Professor Kristin Kalsem : Harold C. Schott Scholarship Award Lecturer
Professor Kristin Kalsem is the recipient of the 2012 Harold C. Schott Scholarship Award, which recognizes outstanding research and scholarly achievement by a member of the faculty of the University of Cincinnati College of Law.
Professor Kalsem received her J.D. with Honors from the University of Chicago Law School in 1987 and a Ph.D. in English from the University of Iowa in 2001, where she also served as a member of their English Department and a lecturer at their law school. Professor Kalsem has been an influential scholar in women and the law since joining our faculty in 2001. She also serves as co-director of the College’s Center for Race, Gender, and Social Justice and a co-director of the joint degree program in law and women’s, gender, and sexuality studies.
In her 2012 book, In Contempt: Nineteenth-Century Women, Law, and Literature (Ohio State University Press), Professor Kalsem brings together law, literature, and feminism to illuminate how 19th century women writers advocated legal issues in their literary works and lives as authors. The book is an important interdisciplinary accomplishment befitting the recognition of the Schott Award. In the book, Professor Kalsem reveals and details a wealth of suppressed evidence of 19th century women’s feminist jurisprudence (“outlaw texts,” as she identifies them), casting new light on history and introducing useful new ways to see the performance of feminist jurisprudence in law and literature. Christine Krueger, professor of English at Marquette University, is among those who have praised the book, noting that “Kristin Kalsem’s In Contempt makes a significant contribution to scholarship on the history of feminist jurisprudence. She covers thorny legal issues including married women’s property, infanticide, and lunacy law, as well as birth control, imperialism, and women’s admission to the bar. In her afterword she urges scholars to engage the ‘new evidence’ she has brought to light—and I have no doubt that this evidence will be welcomed enthusiastically.”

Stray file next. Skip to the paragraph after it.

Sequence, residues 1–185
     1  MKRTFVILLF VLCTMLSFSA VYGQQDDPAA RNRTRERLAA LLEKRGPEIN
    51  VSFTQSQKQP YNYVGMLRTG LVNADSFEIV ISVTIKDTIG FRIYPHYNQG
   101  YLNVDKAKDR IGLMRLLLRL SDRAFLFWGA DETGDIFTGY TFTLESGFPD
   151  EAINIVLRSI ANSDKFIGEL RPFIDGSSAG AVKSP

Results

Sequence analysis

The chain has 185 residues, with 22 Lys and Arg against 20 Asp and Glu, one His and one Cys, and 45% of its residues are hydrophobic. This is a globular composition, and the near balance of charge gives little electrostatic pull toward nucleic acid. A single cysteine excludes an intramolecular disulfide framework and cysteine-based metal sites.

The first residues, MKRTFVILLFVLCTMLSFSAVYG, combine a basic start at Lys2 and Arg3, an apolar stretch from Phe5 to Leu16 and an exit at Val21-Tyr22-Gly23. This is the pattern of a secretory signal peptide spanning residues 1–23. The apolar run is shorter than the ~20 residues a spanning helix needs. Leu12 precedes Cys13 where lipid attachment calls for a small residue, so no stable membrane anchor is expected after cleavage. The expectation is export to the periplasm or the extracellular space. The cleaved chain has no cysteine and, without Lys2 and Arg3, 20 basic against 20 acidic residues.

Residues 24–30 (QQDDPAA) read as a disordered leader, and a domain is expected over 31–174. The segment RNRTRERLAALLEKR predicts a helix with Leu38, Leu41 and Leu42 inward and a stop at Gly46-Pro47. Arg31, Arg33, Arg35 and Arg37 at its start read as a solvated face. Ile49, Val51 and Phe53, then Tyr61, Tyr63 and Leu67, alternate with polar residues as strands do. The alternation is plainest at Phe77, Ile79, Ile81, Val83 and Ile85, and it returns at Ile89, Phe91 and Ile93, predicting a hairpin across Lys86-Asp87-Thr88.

She is a teacher and scholar who is firmly dedicated to bridging theory and practice. That determination is fully evident in In Contempt– as it is, too, in her articleSocial Justice Feminism, 18 UCLA Women’s Law Journal 131 (2010) (with Professor Verna L. Williams), which inspired a conference last fall that brought scholars and activists
Professor Kalsem will deliver a public lecture on her scholarship here at the College of Law during the Fall 2013 semester. Until then, please join me in warmly congratulating Professor Kristin Kalsem for this well-deserved recognition.